For some of us, brushing is challenging. If we have mobility issues or arthritis, brushing can be difficult because of the necessary arm and hand movements. If this is your situation, consider buying an electric toothbrush. Not only do they often provide a better clean, they’re easier to use. An electric toothbrush can simply be held against teeth and do all the work of cleaning.
Seniors with arthritis in their hands might have a hard time gripping a regular straight-handled toothbrush. In this instance, consider using a toothbrush with a curved or “hooked” handle. These brushes hang on your hand, requiring little effort to hold them. The dentist may recommend them for those with restricted mobility.
Brush in Any Room for Convenience
Who says you have to brush your teeth in the bathroom? For many of us (and those who rely on caregivers to move from room to room), getting up and going to the bathroom to brush may not be possible. Bring your toothbrush, paste, and a bowl of water to bed with you, or ask a caregiver to bring the supplies to your bed. There, you can brush teeth, rinse with water, and spit into the bowl — No relocation required. Leave the supplies on your night table, or have someone take them back to the bathroom for your morning use.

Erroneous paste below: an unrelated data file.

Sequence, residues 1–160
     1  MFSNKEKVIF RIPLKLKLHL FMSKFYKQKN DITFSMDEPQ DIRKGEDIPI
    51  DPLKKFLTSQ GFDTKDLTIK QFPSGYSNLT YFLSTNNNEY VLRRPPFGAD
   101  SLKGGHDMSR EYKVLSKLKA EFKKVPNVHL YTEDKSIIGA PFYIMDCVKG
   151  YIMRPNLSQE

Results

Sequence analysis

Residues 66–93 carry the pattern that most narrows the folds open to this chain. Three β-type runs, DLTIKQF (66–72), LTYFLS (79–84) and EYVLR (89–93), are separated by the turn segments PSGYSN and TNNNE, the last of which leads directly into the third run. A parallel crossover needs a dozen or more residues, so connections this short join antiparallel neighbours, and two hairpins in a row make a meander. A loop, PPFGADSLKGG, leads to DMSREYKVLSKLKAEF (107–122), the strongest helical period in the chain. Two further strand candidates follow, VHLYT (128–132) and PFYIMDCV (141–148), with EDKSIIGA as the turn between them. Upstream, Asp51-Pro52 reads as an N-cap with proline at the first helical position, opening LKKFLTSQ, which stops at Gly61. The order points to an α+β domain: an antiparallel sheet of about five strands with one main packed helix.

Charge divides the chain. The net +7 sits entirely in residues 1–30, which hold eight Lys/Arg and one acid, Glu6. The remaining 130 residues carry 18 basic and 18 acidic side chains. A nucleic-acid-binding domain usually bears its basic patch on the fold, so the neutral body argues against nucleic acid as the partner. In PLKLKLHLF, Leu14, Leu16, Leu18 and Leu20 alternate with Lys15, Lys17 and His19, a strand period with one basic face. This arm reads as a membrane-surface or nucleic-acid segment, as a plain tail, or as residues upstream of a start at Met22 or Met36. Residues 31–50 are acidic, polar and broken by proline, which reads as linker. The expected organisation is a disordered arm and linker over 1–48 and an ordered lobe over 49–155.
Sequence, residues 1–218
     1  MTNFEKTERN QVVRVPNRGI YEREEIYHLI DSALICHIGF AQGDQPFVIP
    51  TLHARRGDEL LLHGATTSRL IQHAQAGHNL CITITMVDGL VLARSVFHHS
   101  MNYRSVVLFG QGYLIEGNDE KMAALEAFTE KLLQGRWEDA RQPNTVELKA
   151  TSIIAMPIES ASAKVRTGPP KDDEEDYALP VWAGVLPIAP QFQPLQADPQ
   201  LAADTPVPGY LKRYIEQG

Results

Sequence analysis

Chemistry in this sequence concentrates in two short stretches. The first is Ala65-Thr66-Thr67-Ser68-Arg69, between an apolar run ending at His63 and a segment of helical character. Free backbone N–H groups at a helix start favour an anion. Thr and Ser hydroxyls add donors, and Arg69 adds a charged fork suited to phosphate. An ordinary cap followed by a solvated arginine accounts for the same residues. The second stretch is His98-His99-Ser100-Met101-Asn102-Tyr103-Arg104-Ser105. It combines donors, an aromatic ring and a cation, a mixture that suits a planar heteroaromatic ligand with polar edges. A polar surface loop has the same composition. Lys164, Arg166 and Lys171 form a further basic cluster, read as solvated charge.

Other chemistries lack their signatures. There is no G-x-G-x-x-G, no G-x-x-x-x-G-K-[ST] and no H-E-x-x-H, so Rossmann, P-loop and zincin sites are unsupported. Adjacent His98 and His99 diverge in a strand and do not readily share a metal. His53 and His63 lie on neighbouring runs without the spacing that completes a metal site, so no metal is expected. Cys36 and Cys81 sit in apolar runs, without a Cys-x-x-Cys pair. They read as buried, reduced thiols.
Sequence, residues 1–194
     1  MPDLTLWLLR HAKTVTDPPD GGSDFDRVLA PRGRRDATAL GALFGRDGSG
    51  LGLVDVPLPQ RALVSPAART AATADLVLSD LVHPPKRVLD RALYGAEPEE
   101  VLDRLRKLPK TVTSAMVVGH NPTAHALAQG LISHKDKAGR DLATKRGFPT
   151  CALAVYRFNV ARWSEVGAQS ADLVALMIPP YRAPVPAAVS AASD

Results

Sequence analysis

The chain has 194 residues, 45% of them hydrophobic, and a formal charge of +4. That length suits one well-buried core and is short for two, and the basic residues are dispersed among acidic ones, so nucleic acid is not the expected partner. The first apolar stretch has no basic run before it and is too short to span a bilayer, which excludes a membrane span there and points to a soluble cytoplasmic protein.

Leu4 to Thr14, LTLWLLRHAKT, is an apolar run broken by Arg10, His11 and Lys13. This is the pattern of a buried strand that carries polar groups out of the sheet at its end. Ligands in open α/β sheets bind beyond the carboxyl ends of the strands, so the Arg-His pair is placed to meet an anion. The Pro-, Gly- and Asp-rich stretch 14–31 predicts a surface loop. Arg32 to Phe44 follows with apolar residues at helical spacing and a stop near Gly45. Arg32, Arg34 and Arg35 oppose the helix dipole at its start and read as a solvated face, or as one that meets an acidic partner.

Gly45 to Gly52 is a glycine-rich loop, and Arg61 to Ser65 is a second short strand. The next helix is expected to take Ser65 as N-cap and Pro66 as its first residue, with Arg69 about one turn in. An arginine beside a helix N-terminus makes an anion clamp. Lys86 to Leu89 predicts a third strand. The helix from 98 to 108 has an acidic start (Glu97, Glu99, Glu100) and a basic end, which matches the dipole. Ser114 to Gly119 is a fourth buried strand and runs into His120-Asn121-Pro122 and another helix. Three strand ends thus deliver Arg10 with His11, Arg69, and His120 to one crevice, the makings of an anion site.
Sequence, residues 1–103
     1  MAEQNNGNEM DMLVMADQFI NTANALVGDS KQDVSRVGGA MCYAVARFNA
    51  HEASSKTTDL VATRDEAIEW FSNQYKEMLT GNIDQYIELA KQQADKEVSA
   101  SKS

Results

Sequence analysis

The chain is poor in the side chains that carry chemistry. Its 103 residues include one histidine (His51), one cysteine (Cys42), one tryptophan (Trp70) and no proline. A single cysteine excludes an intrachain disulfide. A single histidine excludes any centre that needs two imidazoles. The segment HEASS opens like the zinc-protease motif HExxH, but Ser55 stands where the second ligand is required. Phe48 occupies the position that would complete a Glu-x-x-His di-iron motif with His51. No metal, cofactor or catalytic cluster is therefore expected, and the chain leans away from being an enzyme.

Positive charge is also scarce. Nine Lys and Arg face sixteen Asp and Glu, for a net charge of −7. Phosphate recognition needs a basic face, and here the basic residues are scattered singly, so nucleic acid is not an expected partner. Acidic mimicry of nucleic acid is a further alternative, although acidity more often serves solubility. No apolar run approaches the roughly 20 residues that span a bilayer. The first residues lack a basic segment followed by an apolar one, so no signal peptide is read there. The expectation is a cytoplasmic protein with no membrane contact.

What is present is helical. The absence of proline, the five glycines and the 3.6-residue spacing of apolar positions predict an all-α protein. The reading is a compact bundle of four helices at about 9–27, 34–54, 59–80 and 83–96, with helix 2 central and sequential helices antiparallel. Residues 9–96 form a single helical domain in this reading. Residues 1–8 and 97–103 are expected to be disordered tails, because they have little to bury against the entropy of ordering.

Get Regular Checkups
Oral cancer is a disease that frequently affects us in later years, with an average diagnosis age of 62. To protect yourself, get regular dental checkups.
Your dentist is trained to spot the early signs of oral cancer. As early diagnosis is key to early treatment, this is important. Consider booking a checkup every 6-8 months. If you’re experiencing pain or sensitivity in your teeth and mouth, make an appointment right away. Not only will your oral health care team address any health symptoms, but they can assess your dental hygiene routine and advise how to improve it.
The team at Dr. Mark Rhody Dentistry is proud to have served happy patients in Etobicoke for over 18 years. For expert dental care including cleanings, dentures, and implants, we’ll take care of you. To inquire about our dental services or book an appointment, get in touch today: (416) 231-4281.